Winds of Change

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She had left her Outworlders to their own devices. If they lost their purses to pickpockets or offended someone by mistake, well, there was no better way to learn a lesson than the hard way. They would have to learn to survive on their own by the time they took up residence here in the fall. If one could survive in Terruth City, one could survive almost anywhere.

As she rounded the corner, the main building of the Terruth Training Academy came into view, surrounded by flowering trees and impressive gardens that the students tended to. She stopped for a moment to appreciate it; it had been nearly a decade since she had last walked up to this building. Gabriella had attended all three Academies, a rare student, though she had excelled at Weaponry and Kyor rather than Healing. She had never taken her Mage tests; she suspected that she teetered on the borderline of the highest level Sorceress and lowest level Mage. Given this choice, she preferred practicing as an excellent Sorceress rather than scarcely a Mage. She had not progressed far in the Academy of Healing, but that bothered her little. A mediocre Healer, Gabriella knew enough to Heal most battlefield-class wounds sufficiently, though the wounds Dar had appropriated last Cycle had tested her strength.

Nostalgia washed over Gabriella as she climbed the stairs to Chancellor Kemple’s office. Students in different color uniforms hurried past her on their way to their classes. Instructors strolled by discussing the finer points of their disciplines, and harried school officials bustled about, tending to Academy business.

In the Chancellor’s reception chamber, a drowsy looking young man posed behind a large oaken desk littered with scrolls and ink-bottles. Gabriella walked sedately past him to the Chancellor’s elaborately carved doors.

“Just a minute, tevnera, you mustn’t just barge in there.” With growing alarm, the aide hastened to intercept her. “Now see here, that’s the Chancellor in there –”

Gabriella pushed the doors open as the young aide hurried past her. A spry older man looked up with surprise at the interruption.

“Ker Chancellor, my most humble apologies, she just walked right in without a by-your-leave. Terribly sorry, Ker Chancellor, terribly sorry.” The aide bowed several times with chagrin.

Gabriella suppressed a scoff; the man was the Chancellor of a training school, not a king or an emperor.

Looking somewhat embarrassed, Chancellor Kemple waved dismissively at his aide and turned further in his leather seat to see who had insisted upon an audience without an appointment. His eyes grew round with recognition as he stared at Gabriella. She smiled slightly and waited.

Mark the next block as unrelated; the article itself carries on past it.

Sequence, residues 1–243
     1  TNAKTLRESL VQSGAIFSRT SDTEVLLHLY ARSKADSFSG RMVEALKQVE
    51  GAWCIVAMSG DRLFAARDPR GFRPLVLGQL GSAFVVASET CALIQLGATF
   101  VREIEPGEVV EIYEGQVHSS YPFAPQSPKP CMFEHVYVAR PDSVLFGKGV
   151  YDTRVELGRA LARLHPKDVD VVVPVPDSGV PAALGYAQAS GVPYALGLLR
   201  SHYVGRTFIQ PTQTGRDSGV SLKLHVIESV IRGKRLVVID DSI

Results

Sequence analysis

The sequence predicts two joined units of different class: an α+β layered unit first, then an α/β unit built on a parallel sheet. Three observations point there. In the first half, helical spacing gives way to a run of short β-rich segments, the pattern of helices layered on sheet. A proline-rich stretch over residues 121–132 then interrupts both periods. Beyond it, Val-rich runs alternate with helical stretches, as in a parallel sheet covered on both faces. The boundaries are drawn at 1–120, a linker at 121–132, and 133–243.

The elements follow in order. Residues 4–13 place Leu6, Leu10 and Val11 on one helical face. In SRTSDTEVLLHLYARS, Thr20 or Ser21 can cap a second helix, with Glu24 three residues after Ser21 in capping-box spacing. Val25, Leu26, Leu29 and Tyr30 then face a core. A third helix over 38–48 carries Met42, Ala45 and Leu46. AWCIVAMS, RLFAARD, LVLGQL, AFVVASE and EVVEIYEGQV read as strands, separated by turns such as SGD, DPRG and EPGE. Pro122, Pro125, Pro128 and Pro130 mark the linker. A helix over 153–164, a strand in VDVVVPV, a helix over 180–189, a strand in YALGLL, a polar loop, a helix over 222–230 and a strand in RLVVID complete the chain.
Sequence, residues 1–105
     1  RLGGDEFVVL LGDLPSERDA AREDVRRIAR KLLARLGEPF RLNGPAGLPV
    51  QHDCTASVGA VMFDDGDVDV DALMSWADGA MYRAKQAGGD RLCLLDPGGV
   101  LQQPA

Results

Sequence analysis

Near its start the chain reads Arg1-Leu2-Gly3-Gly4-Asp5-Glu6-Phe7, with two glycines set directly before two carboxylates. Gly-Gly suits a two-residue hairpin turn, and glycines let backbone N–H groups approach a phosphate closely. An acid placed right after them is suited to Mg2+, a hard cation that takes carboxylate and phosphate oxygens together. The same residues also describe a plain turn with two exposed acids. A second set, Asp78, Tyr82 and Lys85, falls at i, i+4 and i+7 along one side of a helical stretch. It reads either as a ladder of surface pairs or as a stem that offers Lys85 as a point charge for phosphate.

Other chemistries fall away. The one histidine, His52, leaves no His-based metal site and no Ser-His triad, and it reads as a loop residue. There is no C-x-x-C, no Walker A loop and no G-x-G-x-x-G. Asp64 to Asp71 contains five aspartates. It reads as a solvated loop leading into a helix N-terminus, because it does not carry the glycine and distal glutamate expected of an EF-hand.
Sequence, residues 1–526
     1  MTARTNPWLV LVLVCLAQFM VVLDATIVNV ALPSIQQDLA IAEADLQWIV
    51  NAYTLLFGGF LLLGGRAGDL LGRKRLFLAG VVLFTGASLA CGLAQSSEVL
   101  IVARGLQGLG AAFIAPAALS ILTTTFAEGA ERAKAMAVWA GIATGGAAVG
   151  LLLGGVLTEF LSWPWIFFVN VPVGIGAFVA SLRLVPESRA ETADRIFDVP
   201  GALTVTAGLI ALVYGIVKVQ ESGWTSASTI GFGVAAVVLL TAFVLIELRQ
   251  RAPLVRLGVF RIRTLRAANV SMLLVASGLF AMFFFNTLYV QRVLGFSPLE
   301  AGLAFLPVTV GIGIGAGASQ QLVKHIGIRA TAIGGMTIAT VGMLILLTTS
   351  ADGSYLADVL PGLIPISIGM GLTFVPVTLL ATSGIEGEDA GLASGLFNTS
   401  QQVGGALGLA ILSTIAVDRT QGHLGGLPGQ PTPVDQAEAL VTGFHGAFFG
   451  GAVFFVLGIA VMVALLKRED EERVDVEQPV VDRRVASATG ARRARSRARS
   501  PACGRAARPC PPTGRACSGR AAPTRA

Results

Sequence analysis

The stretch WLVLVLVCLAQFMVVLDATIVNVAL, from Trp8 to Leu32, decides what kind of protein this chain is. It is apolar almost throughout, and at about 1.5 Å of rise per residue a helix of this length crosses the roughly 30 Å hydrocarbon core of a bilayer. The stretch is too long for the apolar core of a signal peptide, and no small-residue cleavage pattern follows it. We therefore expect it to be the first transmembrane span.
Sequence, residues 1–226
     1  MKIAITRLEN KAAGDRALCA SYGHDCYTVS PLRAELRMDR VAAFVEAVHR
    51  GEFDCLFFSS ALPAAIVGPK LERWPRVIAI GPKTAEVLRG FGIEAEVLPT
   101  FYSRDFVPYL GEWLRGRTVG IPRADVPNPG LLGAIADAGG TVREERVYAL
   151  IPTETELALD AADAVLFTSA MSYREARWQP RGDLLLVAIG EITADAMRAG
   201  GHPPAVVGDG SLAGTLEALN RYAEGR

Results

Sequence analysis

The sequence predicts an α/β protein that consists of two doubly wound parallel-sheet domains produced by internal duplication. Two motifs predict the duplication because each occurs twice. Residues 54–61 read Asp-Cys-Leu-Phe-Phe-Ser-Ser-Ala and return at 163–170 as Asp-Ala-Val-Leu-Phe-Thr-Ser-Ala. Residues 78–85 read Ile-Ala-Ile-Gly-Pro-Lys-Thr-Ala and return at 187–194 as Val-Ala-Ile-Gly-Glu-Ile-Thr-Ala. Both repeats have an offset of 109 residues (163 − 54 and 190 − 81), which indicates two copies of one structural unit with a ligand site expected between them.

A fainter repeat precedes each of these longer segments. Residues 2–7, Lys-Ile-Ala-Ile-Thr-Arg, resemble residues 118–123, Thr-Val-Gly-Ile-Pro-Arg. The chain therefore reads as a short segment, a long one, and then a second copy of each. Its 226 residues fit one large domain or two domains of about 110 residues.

The Chancellor turned to the distinguished gentleman sitting across from him. “Ker Malvern, this is a matter that requires my immediate attention. You understand, of course.” He rose and bowed with respect to Ker Malvern.

Malvern stared at the Chancellor angrily, speechless at his dismissal. Gabriella could see that he was a man accustomed to dismissing others rather than being dismissed himself. Finally, he nodded curtly and straightened his expensive gray robes as he swept past Gabriella, a string of profuse apologies from the Chancellor’s aide sounding in his wake.

“Gallagher, do stop that nonsense, will you?” the Chancellor snapped. “And reschedule the rest of my appointments for tomorrow. Go on, run along.” He waved his hand peremptorily.

Gabriella waited until the eager young aide closed the doors meekly. “Nice aide you’ve acquired,” she commented dryly. The Chancellor looked well, though his hair had silvered considerably since she had last seen him, lending a dignified air to an already noble persona.

“Ugh, that boy. He’s new, you know. All that – that genuflecting business has got to stop.” He paused to look at Gabriella. “Well, kelendra, you’re looking well. Please,” he gestured at the empty seat across from him.

Chancellor Kemple took his seat after she sat down across from him. For a moment, he said nothing. “So. The time has come.”

Gabriella nodded. “The time has come.”

He sat back in his chair and studied her over his steepled hands. “The Prophecy?”

“Has been initiated.”

“Initiation? Already? That’s the second rule of prophecies….”

Gabriella knew that, of course. “Evocation occurred late last Cycle.”

“I see. And initiation?”

“Last evening.”


“The Shepherd assumed his name.”

Chancellor Kemple nodded thoughtfully as he stroked his neatly trimmed beard. “All five have you?”

Gabriella nodded. “They all arrived together.”

“Really? How odd.”

“It gets more so,” Gabriella said.

“Does it?”

“Kemple, they’re… they’re not from this Land.”

Kemple’s silver eyebrows shot up. “What do you mean, they’re Children of the Sea?”

Gabriella shook her head.

Looking quite perplexed, Kemple fumbled for an explanation. “You don’t mean that they’re from past the desert? No one’s been across the desert in Eras….”

Gabriella shook her head again. How was she to explain this? She thought it quite likely that he would think her mad and call for Healers once she tried to explain that they were Outlanders… indeed, Outworlders.

“No? But… but I don’t understand.” A sudden idea occurred to Kemple. “Tallasesh?” he whispered, as if the very name would call untold evils to visit him.

Gabriella would have found his fright amusing if she did not have such a task facing her as she did. She shook her head again and said, “Kemple, you’re going to have trust me when I tell you this. I found it nearly incomprehensible myself….” Seeing that she had the Chancellor’s full attention, she took a deep breath and forged ahead. “They’re not… of this land, of this world, at all.”

Chancellor Kemple stared at her. After a moment, he whispered, “How is that possible?”

Gabriella shrugged and shook her head. “I don’t know. In fact, they don’t know how they got here. Some strange… anomaly brought them here with no warning. Kemple,” she leaned closer, “they had never heard of kyor in their world. Kyor does not exist in their world.”

Gabriella had never seen the Chancellor at quite such a loss for words. He licked his lips and turned around in his seat to the sideboard behind him.